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Peter Niels Skousen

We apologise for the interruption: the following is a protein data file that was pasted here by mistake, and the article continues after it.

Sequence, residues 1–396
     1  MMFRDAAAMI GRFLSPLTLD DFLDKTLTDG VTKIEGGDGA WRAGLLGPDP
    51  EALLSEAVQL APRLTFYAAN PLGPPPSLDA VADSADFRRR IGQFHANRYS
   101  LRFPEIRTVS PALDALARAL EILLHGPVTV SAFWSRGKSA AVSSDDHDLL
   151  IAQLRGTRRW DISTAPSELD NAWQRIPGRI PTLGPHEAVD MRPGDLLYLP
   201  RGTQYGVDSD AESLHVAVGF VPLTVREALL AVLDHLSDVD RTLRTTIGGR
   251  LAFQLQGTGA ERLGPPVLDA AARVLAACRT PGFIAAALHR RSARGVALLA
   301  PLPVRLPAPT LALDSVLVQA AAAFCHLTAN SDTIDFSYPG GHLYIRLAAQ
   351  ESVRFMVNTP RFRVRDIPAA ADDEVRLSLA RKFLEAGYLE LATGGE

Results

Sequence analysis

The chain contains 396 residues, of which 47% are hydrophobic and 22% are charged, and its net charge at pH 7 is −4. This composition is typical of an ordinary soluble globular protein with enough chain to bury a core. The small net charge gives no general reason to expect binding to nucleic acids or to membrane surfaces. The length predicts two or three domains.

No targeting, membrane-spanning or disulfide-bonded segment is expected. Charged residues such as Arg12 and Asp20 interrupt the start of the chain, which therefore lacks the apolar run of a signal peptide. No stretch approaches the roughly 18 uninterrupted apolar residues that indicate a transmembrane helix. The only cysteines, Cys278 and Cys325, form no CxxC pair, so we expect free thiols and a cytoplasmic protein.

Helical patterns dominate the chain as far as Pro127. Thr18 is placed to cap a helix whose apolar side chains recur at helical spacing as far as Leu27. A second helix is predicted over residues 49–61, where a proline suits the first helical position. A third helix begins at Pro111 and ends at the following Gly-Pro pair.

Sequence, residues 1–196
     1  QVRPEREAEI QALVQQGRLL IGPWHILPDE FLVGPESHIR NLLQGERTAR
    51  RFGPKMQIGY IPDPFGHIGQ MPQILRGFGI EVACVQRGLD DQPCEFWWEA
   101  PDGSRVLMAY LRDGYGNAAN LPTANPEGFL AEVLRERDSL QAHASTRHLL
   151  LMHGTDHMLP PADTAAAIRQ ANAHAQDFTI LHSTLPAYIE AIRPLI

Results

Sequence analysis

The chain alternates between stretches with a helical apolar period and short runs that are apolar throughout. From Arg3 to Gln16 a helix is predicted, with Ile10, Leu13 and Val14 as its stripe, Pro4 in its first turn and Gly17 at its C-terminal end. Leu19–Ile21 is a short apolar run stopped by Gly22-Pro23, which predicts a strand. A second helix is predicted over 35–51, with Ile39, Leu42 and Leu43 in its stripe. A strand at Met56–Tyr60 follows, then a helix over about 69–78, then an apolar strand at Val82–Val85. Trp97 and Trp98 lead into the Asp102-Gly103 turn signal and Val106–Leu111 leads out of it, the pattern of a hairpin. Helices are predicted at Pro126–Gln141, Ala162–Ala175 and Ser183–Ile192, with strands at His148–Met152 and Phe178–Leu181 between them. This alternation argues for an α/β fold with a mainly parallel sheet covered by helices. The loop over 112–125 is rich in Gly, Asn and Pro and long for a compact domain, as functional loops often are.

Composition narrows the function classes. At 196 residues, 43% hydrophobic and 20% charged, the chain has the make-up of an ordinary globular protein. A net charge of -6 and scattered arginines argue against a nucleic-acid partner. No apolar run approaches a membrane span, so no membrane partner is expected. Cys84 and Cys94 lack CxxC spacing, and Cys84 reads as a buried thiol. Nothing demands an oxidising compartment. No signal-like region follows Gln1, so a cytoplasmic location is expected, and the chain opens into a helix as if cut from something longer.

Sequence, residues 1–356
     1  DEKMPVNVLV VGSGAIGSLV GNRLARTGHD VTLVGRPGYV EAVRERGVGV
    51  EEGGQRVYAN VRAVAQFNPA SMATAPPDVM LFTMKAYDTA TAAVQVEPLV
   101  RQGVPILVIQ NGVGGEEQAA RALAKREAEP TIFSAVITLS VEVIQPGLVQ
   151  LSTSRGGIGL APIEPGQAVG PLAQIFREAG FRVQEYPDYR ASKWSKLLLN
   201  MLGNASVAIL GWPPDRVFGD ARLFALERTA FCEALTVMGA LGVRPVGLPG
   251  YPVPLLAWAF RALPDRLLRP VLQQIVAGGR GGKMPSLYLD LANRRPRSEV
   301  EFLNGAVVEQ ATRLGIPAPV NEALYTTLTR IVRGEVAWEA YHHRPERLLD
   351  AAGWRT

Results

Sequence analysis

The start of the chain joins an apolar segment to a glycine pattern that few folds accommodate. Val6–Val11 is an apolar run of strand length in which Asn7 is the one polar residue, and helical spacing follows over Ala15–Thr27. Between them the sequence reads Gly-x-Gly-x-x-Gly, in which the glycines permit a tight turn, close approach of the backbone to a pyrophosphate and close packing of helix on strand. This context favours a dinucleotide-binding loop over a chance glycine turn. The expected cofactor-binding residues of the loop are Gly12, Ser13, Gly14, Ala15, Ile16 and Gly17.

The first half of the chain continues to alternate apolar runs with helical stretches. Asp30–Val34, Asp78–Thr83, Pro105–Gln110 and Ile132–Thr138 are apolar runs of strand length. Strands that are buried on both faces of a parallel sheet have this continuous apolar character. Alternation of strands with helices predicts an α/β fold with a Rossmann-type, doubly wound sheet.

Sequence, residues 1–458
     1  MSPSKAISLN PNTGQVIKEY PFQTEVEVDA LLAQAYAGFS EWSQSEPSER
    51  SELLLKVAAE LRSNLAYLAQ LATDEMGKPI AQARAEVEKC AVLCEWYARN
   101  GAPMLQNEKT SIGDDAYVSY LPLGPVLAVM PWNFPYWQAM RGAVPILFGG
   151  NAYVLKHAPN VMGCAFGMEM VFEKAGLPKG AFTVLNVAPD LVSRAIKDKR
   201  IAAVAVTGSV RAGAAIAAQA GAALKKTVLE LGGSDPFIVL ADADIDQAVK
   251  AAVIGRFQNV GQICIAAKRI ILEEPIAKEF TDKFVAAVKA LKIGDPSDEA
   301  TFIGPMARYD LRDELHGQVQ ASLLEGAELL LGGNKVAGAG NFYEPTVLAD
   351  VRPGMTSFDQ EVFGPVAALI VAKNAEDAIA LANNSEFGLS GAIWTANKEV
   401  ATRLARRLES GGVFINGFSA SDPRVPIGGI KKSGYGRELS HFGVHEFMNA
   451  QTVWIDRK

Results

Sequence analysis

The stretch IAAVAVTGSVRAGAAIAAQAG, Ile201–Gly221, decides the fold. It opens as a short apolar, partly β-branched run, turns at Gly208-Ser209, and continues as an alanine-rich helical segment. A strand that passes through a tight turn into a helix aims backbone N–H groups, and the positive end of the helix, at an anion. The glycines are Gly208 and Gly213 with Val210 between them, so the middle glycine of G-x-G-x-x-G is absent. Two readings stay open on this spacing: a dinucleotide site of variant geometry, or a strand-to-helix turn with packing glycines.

The History of Peter Niels Skousen Compiled by Anjanette Stone Lofgren October 2007 Peter Niels Skousen was born on September 6, 1856 in Randers, Aarhus, Denmark. He was the son of James Niels Skousen (born as Jens Neilson, September 30, 1828, Herslev, Vejle, Denmark, died October 23, 1912, Alpine, Apache, Arizona, USA) and Sidsel (Cecil) Marie Pederson (born August 23, 1826, Laasby, Skandeborg, Denmark, died February 10, 1899, Colonia Juarez, Chihuahua, Mexico). Peter’s father had been one of the Mounted Royal Guards and received 3 years of military training. He became a proud member of the finest riding team in the Danish kingdom. James and Sidsel fell in love, became engaged, and soon set up what was very common in those days in Denmark, a common-law marriage. James was twenty and she was twenty-two. Peter was the second of nine children born to James and Sidsel. Their firstborn, Petria Skousen was born June 6, 1849, in Aarhus, Denmark and died almost two months later on August 1, 1849. Seven years later, his parents were married on May 18, 1856, in the Dum Church in Aarhus, Denmark. They were very religious and James was even called to assist the minister many times because of his knowledge of the scriptures. After Peter was born in 1856, his parents had a son named Parley Pratt Skousen. Parley was born on February 15, 1859, in Randers, Denmark and died two days later on February 17, 1859. Willard Richard Skousen was born on February 5, 1860, in Randers, Denmark. He and Peter were nearly three and a half years apart. James and Sidsel heard the gospel of Jesus Christ and joined The Church of Jesus Christ of Latter-Day Saints when Peter was a baby. Elder Madson baptized James and Sidsel, and two traveling Elders confirmed them members of the Church of Jesus Christ of Latter-Day Saints. The Skousen home was always open to the Mormon missionaries and became a familiar part of Peter’s young life. Before leaving Denmark, Sidsel had a desire to share the gospel message with her family, especially her beloved brother who was a school teacher. Her message was rejected and her brother thought he was more educated than her because of his profession. She was crushed by her family’s reaction to her new religion. The Mormon missionaries and Peter’s parents spoke at lengths about moving to Utah. This was intriguing to young Peter. James had lost his job because of his new religion but soon obtained better paying employment so they could have the needed funds to cross the ocean. In the early spring of 1862 when Peter was five years old and Willard was about two years old, the Skousen’s left their beloved home in Denmark for the unknown future ahead of them in the United States. Sidsel was four months pregnant when they left Denmark. The Skousen’s were probably with the saints who boarded the ship Albion in Aarhus on the morning of April 7th and sailed to Hamburg, Germany. They arrived in the evening of April 8th. Here the saints boarded two different ships, the Humboldt and the Franklin. Peter’s family boarded the ship, Humboldt in Hamburg, Germany with 323 other LDS immigrants. Their captain was H. D. Boysen and their church leader for the voyage was Hans Christian Hansen. Their journey was a success. The Humboldt arrived in New York on May 20th, 1862. They continued their journey westward by train and steamboat up the Missouri River to Florence, Nebraska (now Omaha). This was the outfitting place for the journey across the plains for the saints. Peter’s family arrived in Florence in early June. It was here they joined the John R. Murdock Company consisting of 700 individuals and 65 wagons. They departed Florence, Nebraska on July 24, 1862. Two weeks after leaving Florence, Nebraska, Sidsel gave birth to a daughter, Hannah Marie (or Johannah) Skousen on August 2, 1862, near the Platte River in Nebraska. The family arrived in Salt Lake City on September 28, 1862, and while here, his father helped cut stones for the temple. Soon after arriving in Utah they moved to Lehi and lived in a one bedroom house just east of the Lehi Roller Mills. They moved around a lot and then settled in Draper where they bought a 40 acre farm. Three more children were born to James and Sidsel while living in Draper; Caroline in 1867, Mary in 1870, and James Niels Jr. in 1872. Two unpleasant childhood memories for Peter where when at the age of seven, he crushed his finger and almost froze to death. The incidents happened while he helped his father with harvesting the crops and cutting wood for winter on their Draper farm. One day a log slipped and crushed one of his fingers and nail. Another worker took a handkerchief and spit his used chewing tobacco into the handkerchief and tied it around Peter’s finger. He kept it on his finger for a week. The other time they were caught in snowstorm while logging. Peter almost froze to death and by the time he reached home he could hardly walk. Sidsel put him to bed where he spent several days recovering. He became very ill as his body warmed up and was filled with aches and pains. Peter was a big help to his father helping him in many of his labors on their farm. They logged, grew grain, hay, raised dairy cows, and many other endeavors to help make a living for the family. Sister Fitzgerald was Peter’s Sunday School teacher who taught him how to read and write. When he was ten years old he started school and was taught by Dr. John R. Park. With the help of these two teachers, Peter became an exceptional student. He loved school so much he was disappointed whenever his father needed him to stay home to help with the farm. Despite this disappointment, he was unknowingly educating himself through laboring with his father. He developed self-initiative and business experience. Dr. Park spent 30 minutes a day teaching Peter and his classmates how to read music and how to sing. He would write the staff and notes on the blackboard as he taught them many songs. The children developed into a good choir in Draper as a result of Dr. Park’s instruction and the time he devoted to his students. Peter was about nine when he had a desire to play the fiddle. He made his own fiddle by taking an old wooden shoe and obtained strings from neighbor’s broken violin. He found a piece of wood, carved it into a bow, and attached horse hair to it. Peter enjoyed running and was very fast. He raced in the holiday celebrations and won many prizes. Baseball also became a favorite sport for Peter and the other Skousen’s. It was hard for him to stop a game to go back inside the school when recess was over. One day when Peter was grazing the cattle near the Jordan River, he stumbled upon an old rusty cap and ball six-shooter. It had probably once belonged to a soldier from Johnston’s Army. Peter took it home where he cleaned, oiled, and worked on it until he was able to get it to shoot. He was proud of his accomplishment. Peter was jumping over a stream one day when he found a five dollar gold piece shining through the water. His father took it to Salt Lake City where he was able to get more than five dollars in exchange. A portion of it was given to peter and he used it to purchase a brand new pony. He loved his dear pony which he named “Jule”. Jule could outrun the other boys’ ponies. Peter was heartbroken the day his beloved pony ran away to the hills with a group of wild horses. He tried unsuccessfully to find his horse. In his own words Peter said; “One time as I was going up a long slant of a hill in search of my pony I decided to ask the Lord to help me and to guide me with His Spirit to where the horse was. I had a dollar which I had saved up by small amounts given me by my parents. Of course I thought I was rich to have so much as a dollar. But I told the Lord that if He would help me find my pony I would give the dollar in tithing. I got up from my knees and started out. Crossing several hollows and ridges, there came along a band of horses just as fast as they could go, kicking up their heels and going down towards town after water and there was my pony with them. I took in after them and could hardly keep up with them. I got them in the street that went by our place but how was I to get them in the corral? That puzzled me but when they got near the corral the little mare of mine knew the place and went right into the corral and several others followed her. I hurried and put up the bars. I got a rope to catch her. She seemed rather wild, but as soon as I put the rope on her, she came right up to me just like she was glad to see me. I let the bars down and the other horses went out and up towards the hills as fast as they could. Yes, my mare gave a whimper like she would say ‘goodbye’, but she soon felt at home again.” Brother Absalom Heber Smith, the first councilor in the Skousen’s bishopric, baptized Peter in a clear pond fed by a spring in east Draper near the main creek. He was confirmed a member after the baptism by Bishop Isaac M. Stewart. In 1870, James married a second wife named Ane Kirstine Jorgensen Hansen. They had 2 boys and 6 girls; Ella Marie, Erastus, Orson Pratt, Anna Christina, Eliza, Melvina, Mary Esther, and Terry Donahoe. At the age of 17, Peter was attending the School of Deseret in Salt Lake City when his father was called to help settle Arizona. He left Sidsel and their children in Utah and took Ane and their children with him to Arizona. Peter had to leave school to help his mother run their farm in Draper. A year had passed when James returned to Utah from Arizona, leaving his second family behind. He came to pack up his family and move them to Arizona. Three teams were driven by Peter, Willard, and their father. On their way to Arizona they stopped in St. George, Utah where Peter and Willard took out their endowments. Peter was ordained an elder in the Melchizedek Priesthood. They arrived at Allen’s Camp, later called St. Joseph, on December 24, 1877, where they pledged to live the United Order. Peter taught school here and was also the assistant postmaster. He kept books for the United Order. James was very strict about living the United Order while in St. Joseph. What the head of the church said was the word of the Lord to him. They milked cows and shared all the crops together. James and Willard had a bit of a falling out and Willard left St. Joseph. On November 11, 1884, James went to Prescott for trial as a polygamist. He departed on December 7 for the Yuma Penitentiary with six months' confinement and a $500 fine. Because he had no money to pay, he was given thirty days more in its place. He said, "It was the best month's pay I ever received." James was released from the federal penitentiary in July 1885 and rejoiced in seeing his two families. As a convicted polygamist, James could not afford to live with both of his families in the Untied States so he had Sidsel move to Colonia Juarez with the help of Peter, Dan and James while he stayed on the farm in Arizona and took care of Ane and her young family. It was a sad day when he prepared to bid Sidsel, his lifelong sweetheart goodbye. It took twenty-one days for the little caravan to reach Juarez, Mexico. Later, Peter worked near Holbrook, Arizona where he had a contract with a railroad building firm that lasted almost a year. Peter had charge of the commissary, kept the company books, and was paymaster. He then worked near Springerville, Arizona with his business partner Nathan Benjamin Robinson. They had a contract with John A. West to work on the railroad in the San Francisco Mountains. They freighted from one town to another. Nathan’s wife, Annise Adelia Bybee Robinson, cooked food for the crew, at times consisting of 50 men. She became ill and was also 8 months pregnant at the time and went to stay with her sister in Snowflake, Arizona. A few weeks before the birth of the baby, Nathan was worried about his family and returned home. Shortly after returning home he told Annise that he was going to find a missing cow. He came upon the tracks and followed them to Show Low Creek where he found some Indians killing a beef. Fearing he would tell other white men what they had done, they shot and killed Nathan and hid his body in the Show Low Creek. They weighed his body down in the water with large rocks to keep the body hidden. This was on June 1, 1882. When Annise realized something was wrong, she sent for help. Nathan’s horse had returned home with out him and had an Indian lariat on it. The settlers were scared at the news that Indians had killed Nathan and were hiding in a barn at the John Reidhead Farm in Lone Pine. Nathan’s body could not be found until some of the searchers prayed for assistance in their search. Soon after his foot was seen floating up and down in the Show Low Creek. His body was recovered and the fatherless family buried him in the Snowflake, Arizona cemetery on June 4, 1882. Peter heard the news while he was in St. Joseph on his way to Round Valley and was very concerned about Annise and her four children and unborn baby. He had a hard time sleeping as he camped that night and couldn’t stop thinking about the Robinson family. He heard a soft voice tell him that the family would devolve into his hands. He had no desire to take another man’s wife but prayed about this new development and was at peace. Peter visited the Annise and her children a few weeks later at Snowflake, Arizona. She was happy to see him and insisted that he stay for a chicken dinner. She had just delivered her son, Phileon Benjamin Robinson a few days before and her heart was grieving for her husband and was concerned for the welfare of her little ones. Peter assured her that the Lord would watch over them and provide for them. Peter returned to his home at Round Valley where his mother, Sidsel, lived. Peter told his father about his plans to marry Annise. His father suggested that he first get a wife who could be his own for eternity since Annise and Nathan had been sealed. Peter and Annise set a wedding date that was a few months away and Peter had to hurry to follow his counsel. He found a girl of 19 by the name of Mary Malinda Rogers who consented to marry him. Peter and his two fiancés made the journey from Snow Flake to St. George. Peter first married Malinda as his eternal companion and then Annise as his companion for life only on December 13, 1883 in the St. George Temple, 18 months after the death of Nathan Benjamin Robinson. Peter was twenty-seven, Annise was twenty-six, and Mary was nineteen when they joined this union. Peter and his wives returned to Round Valley where they began their lives together. Peter became a home building contractor in the Nutrioso Creek area. In the fall he was asked to teach again and went to St. John to take the required examination. When he arrived at the office he was asked if his last name was Skousen. When he answered “yes”, he was told not to bother to take the exam because he would not be hired even if he had passed. Charges had been filed against Peter for polygamy. A few days later, Peter and Brother Samuel Jarvis had a home missionary appointment to visit the St. John’s Ward. Upon their arrival they were warned that the marshal had been out looking for Peter. The next day on their way home they saw some dust rising up ahead of them and then a buggy came into view. They knew it must be the marshal so Peter laid down in the back of the wagon and covered himself with a blanket. As they got closer to the marshal, Brother Jarvis steered the horses back and forth across the road and yelled like he had been drinking. The Marshal left him alone and kept on going. After Peter returned home he decided to move to Snowflake were he was able to help work on the new stake house which was under construction. He worked on the rounded staircase and painted the gallery. Mary and their first child, Malinda (b. November 9, 1884), moved with Peter and she stayed with her parents. Annise stayed behind in Springerville with her children and new baby, Zebulon (b. December 13, 1884). President John Taylor warned the polygamist Saints in the area to leave Arizona and take their families to Mexico where they could not be bothered by the law. Peter and Mary packed up their belongings and joined a company of thirty-two wagons. His sister, Hannah, and her husband, Ernest Leander Taylor, were also in this company. When they were in Luna Valley, New Mexico, a snow storm came through. The melted snow left behind a lot of mud causing many problems for the company. They had to travel down a steep mountain called Milligan’s Slide Off and attached pine trees to the backs of the wagons to help slow them down. Women had to walk with their babies and try to keep their balance without assistance while the men struggled to bring the wagons down the incline safely. They reached the boarder safely and the Mexican officials were shocked to see so many wagons entering their country. By March 7, 1885, the company reached the Casas Grande River just north of La Acension. They camped here until it was decided where they would settle. The church purchased about 40,000 acres of land for the Saints to live on and they found a desirable location to begin their settlement. Just as their crops were beginning to grow, they received an order from the local governor that all the Mormons in his state of Chihuahua, must immediately leave Mexico. They were granted permission to stay until their crops were harvested. Apostle Lorenzo Snow was visiting in Mexico City at the time and was sent word about the order. He spoke with the Mexican president who resolved the problem and removed the governor from office. The Saints were once again able to get back to work on their newly created town. During this time Peter’s mother, Sidsel, arrived with her sons, James, Daniel, and his wife. It had been almost two years since the Saints had began to develop their new town when word arrived that they were not living on the land that had been purchased. This was a huge blow to them and many were discouraged and returned to the United States. Most of them picked up their belongings and moved to the proper site which was not as desirable. Once again they began to prepare the land for their settlement. Peter and his brother James freighted from New Mexico and purchased a saw mill for their new colony which had been named Colonia Juarez. Peter had been called to be the Elder Quorum President and also traveled as a home missionary. Annise and her children were moved to Colonia Juarez about 1887. Eight more children were born to her and Peter in Mexico; Don Parley (b. March 26, 1888), Verna (b. Sept. 12, 1889), Effa (b. Nov. 2, 1890), Hazel (Sept. 21, 1892), Marie Lula (b. March 9, 1895), Eva (b. May 5, 1896), Anita or Annetta (b. 1897, d. 1899), and Merle Tresa (b. March 26, 1900). Peter and Mary also had eight more children born to them in Mexico; Peter James (b. Jan. 27, 1886), Angus Philemon (b. April 25, 1887), Ruth (b. Dec. 20, 1889), Estella (b. March 20, 1892), Webster Grant (b. July 26, 1893, d. June 25, 1895), Vera (b. Feb. 16, 1895, d. July 31, 1899), Smith Holister (b. Aug. 27, 1897), and Pamelia (b. Dec. 28, 1902). The two wives lived in corner houses at either end of a city block. Annise lived here until Peter purchased land in San Jose, Mexico and moved her and their children in 1895 or 1896. By 1900 they were living in Colonia Dublan, Chihuahua, Mexico where Annise’s youngest child was born. Peter purchased the first header for harvesting wheat and the first tractor that permitted him to pull several plows at a time. He took grading contracts with two railroads in Arizona and the head engineer of one firm was so impressed he asked him to handle an extra tough job. The road had to be made though Noco, Arizona which was based on a considerable amount of rock. He accepted the contract even though it meant he would have to do a lot of blasting which usually meant trouble with the town’s authorities. Peter had a talent for being diplomatic and also welcomed challenges which helped him with this job. In February 1893, the Skousen family received word that Willard’s wife, Sophronia Ann had passed away. She left behind three young boys. Her infant son had died in April of 1892. Willard brought his sons to Mexico to live with his mother while he went to find work. Eventually, a romance blossomed between Willard and Annise’s daughter, Laura Annice Robinson. They were married on December 23, 1896. Peter had wanted to take Laura on as a third wife and Peter’s brother, Jim, was also sweet on her. Annise said no, she will marry Willard, and Peter gave his consent. In 1902 Peter sold his farm in San Jose, Mexico, and prepared to move to Canada. He took his daughter, Malinda, and some of his sons with him. Peter’s brother-in-law, Ernest Taylor, also went with peter and took some of his sons and his daughter, Nora. The girls did the cooking. They secured some farm land and built a house. They attended their church meetings in Raymond, Taylor Stake. In the spring they worked hard to put in their wheat crop, only to have it lost to a hail storm. They prayed and determined they should spend the winter in Lethbridge. The two families rented a house and used their horse teams to haul coal from the mines 5 miles away. It was so cold that the horse’s nostrils would fill with ice and they could hardly breathe. In the spring Annise’s family and some of Mary’s children moved to Canada where they lived for many years. Several of the children were married while they lived there. Annise and Peter were farming in Raymond, Alberta, Canada in 1911, when Peter’s brother, Willard, and his family moved to Canada. Willard and his wife, Laura, decided that Canada was too cold and moved to New Mexico. Peter was ordained a high priest on August 31, 1907 by Heber S. Allen and was a member of the Taylor Stake’s High Council. Peter started a mercantile business in Canada and it was very successful. Peter and his family were doing quite well until the depression of 1906-1908 hit them hard. Peter had to sell all he had for pennies on the dollar and chose to leave Canada. At the age of fifty-two with two wives and fifteen living children Peter had to start over. The Skousen’s returned to Mexico where he repurchased his San Jose farm. Mary and her family lived with him there. In 1911, Peter along with Alonzo, Adelbert, and Harvey Taylor joined together in a partnership to invest in building a flour mill. Their business was very profitable until the Mexican Revolution. Considerable property was confiscated by rebels including thirty head of horses which left them with no way to work their farm. Losses amounted to $15,000. He had to sell his stock in the mill for $18,000 in order to buy more teams. “Shortly after this he purchased a steam tractor and thresher and a new wagon for the tractor. While bringing the merchandise overland north of La Acension where General Pancho Villa was camped, soldiers demanded all the water in the wagon tank. This caused delay while getting more water in order that the tractor could continue under its own steam. Upon arriving in La Acension, Peter bravely went up to see Pancho Villa. He cordially greeted the general and told him of his recent purchases and their need in farming. He then requested a pass so that he could go on without any further trouble. Pancho agreed that farming needed improvement in Mexico and ordered his secretary to make out the necessary document. A captain suggested there should be a duty on such merchandise. Pancho ignored him, signed the pass and wished Peter a good trip and success. Peter again displayed his ability as a diplomat.” (Skousens in America, pg. 40) Peter and his sons worked hard during the summer with their new farm equipment. They were able to get much more accomplished with their new machines rather than using horses and old plows. Peter’s farming was a great success. The Mexican Revolution was getting too dangerous for women and children to stay there, so on April 24, 1914, they left for El Paso, Texas. Peter went to Arizona for sometime and then returned to Mexico. Peter built flour mills in Arizona, New Mexico, Texas, and Mexico. His sons tired of the mill business and wanted to return to farming. Peter sold his Colonia Dublan mill in 1924 and returned to farming. Peter purchased a new Buick Touring Sedan and on November 14, 1928, Peter drove President Heber J. Grant and his party from Columbus to Colonia Juarez and then to Thatcher, Arizona for church conferences. On May 14, 1938, Peter, Bishop Call, and the Aaronic Priesthood Quorum of Colonia Dublan, traveled to San Jose to erect a monument on the ground where the pioneers first camped in Mexico in 1885. Annise passed away on August 24, 1924, in Los Angeles, California while visiting her daughter, Hazel. She is buried in Mesa, Arizona. Mary passed away on April 21, 1945, in Phoenix, Arizona and is buried in Mesa. Peter Niels Skousen passed away on October 2, 1940, in Colonia Dublan, Chihuahua, Mexico. He fathered 18 children and raised 5 step-children. He was a devoted husband, father, and member of the church. He was a hard worker and worked hard to provide for his family. He was buried on October 3, 1940 in Colonia Dublan, Chihuahua, Mexico. Sources: Encyclopedic History of The Church of Jesus Christ of Latter-day Saints, Vol. E Treasures of Pioneer History: Vol 3, The Mormons in Mexico Biography of Annise Adelia Bybee Robinson Skousen Biography of Laura Annise Robinson Skousen History of James Niels Skousen by Rita Maree Johnson Skousens in America, Peter Niels Skousen 1856-1940 by Max B. Skousen and Meryle M. Gelisse Ancestry.com Ancestral File ® LDS Immigration Index Mormon Pioneer Overland Travel International Genealogical Index Humboldt Ship Passenger List 1870 Utah Census 1880 Utah Census